from AP, Reuters, AFP, and other news services

Christmas Kissing Good for Health

Christmas Kissing Good for Health

Reuters - Innovations Video Online (Dec. 22, 2014) Scientists in Amsterdam say couples transfer tens of millions of microbes when they kiss, encouraging healthy exposure to bacteria. Suzannah Butcher reports. Video provided by Reuters
Powered by NewsLook.com
Brain-Dwelling Tapeworm Reveals Genetic Secrets

Brain-Dwelling Tapeworm Reveals Genetic Secrets

Reuters - Innovations Video Online (Dec. 22, 2014) Cambridge scientists have unravelled the genetic code of a rare tapeworm that lived inside a patient's brain for at least four year. Researchers hope it will present new opportunities to diagnose and treat this invasive parasite. Matthew Stock reports. Video provided by Reuters
Powered by NewsLook.com
Americans Drink More in the Winter

Americans Drink More in the Winter

Buzz60 (Dec. 22, 2014) The BACtrack breathalyzer app analyzed Americans' blood alcohol content and found out a whole lot of interesting things about their drinking habits. Mara Montalbano (@maramontalbano) has more. Video provided by Buzz60
Powered by NewsLook.com
Touch-Free Smart Phone Empowers Mobility-Impaired

Touch-Free Smart Phone Empowers Mobility-Impaired

Reuters - Innovations Video Online (Dec. 21, 2014) A touch-free phone developed in Israel enables the mobility-impaired to operate smart phones with just a movement of the head. Suzannah Butcher reports. Video provided by Reuters
Powered by NewsLook.com

Search ScienceDaily

Number of stories in archives: 140,361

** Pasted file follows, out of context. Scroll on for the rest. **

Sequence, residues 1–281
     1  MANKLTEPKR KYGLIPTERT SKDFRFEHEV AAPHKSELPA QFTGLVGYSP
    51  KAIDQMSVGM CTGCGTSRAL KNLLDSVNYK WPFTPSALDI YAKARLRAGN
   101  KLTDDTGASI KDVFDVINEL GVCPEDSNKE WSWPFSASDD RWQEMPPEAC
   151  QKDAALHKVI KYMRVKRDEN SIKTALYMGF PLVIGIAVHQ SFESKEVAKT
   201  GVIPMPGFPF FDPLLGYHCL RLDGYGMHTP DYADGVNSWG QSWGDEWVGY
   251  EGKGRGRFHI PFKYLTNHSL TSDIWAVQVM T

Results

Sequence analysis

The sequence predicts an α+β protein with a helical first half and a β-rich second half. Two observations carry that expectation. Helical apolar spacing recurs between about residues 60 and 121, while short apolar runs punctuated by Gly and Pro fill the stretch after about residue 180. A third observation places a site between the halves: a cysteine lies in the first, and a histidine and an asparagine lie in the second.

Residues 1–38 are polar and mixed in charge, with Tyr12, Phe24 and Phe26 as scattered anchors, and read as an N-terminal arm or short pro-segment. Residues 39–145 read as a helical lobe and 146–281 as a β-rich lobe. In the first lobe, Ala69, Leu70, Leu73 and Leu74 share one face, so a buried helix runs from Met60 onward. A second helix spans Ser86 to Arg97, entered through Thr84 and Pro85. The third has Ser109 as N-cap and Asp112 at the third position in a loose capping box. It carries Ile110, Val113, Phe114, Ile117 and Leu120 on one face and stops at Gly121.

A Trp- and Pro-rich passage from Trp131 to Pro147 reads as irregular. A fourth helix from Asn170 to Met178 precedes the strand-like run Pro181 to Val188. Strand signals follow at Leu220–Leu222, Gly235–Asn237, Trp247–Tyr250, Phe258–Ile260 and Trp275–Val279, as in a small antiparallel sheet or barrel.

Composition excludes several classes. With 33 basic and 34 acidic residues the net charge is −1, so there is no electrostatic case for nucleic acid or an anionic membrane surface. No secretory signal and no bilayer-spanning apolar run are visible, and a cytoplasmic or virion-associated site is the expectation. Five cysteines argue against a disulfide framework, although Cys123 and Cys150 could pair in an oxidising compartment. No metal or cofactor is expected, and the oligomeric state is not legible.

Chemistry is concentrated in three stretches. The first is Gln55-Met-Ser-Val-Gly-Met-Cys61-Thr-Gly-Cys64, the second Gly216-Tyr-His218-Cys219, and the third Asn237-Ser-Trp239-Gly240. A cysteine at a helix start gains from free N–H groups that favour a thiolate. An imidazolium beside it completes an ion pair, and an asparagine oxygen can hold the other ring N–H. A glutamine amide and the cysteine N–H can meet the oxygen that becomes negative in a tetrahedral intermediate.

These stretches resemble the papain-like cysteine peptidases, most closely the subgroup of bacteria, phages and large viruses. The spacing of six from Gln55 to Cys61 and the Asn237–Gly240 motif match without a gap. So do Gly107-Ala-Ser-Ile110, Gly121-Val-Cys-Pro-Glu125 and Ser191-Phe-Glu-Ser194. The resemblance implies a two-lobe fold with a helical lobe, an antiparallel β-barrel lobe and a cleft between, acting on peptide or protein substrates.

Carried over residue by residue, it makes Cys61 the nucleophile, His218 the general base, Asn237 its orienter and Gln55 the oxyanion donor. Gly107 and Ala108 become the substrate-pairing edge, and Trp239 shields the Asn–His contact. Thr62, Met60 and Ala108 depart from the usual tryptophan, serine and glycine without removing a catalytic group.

Find with keyword(s):
Enter a keyword or phrase to search ScienceDaily for related topics and research stories.

Save/Print:
Share:

Breaking News:

Strange & Offbeat Stories


Health & Medicine

Mind & Brain

Living & Well

In Other News

... from NewsDaily.com

Science News

Health News

Environment News

Technology News



Save/Print:
Share:

Free Subscriptions


Get the latest science news with ScienceDaily's free email newsletters, updated daily and weekly. Or view hourly updated newsfeeds in your RSS reader:

Get Social & Mobile


Keep up to date with the latest news from ScienceDaily via social networks and mobile apps:

Have Feedback?


Tell us what you think of ScienceDaily -- we welcome both positive and negative comments. Have any problems using the site? Questions?
Mobile: iPhone Android Web
Follow: Facebook Twitter Google+
Subscribe: RSS Feeds Email Newsletters
Latest Headlines Health & Medicine Mind & Brain Space & Time Matter & Energy Computers & Math Plants & Animals Earth & Climate Fossils & Ruins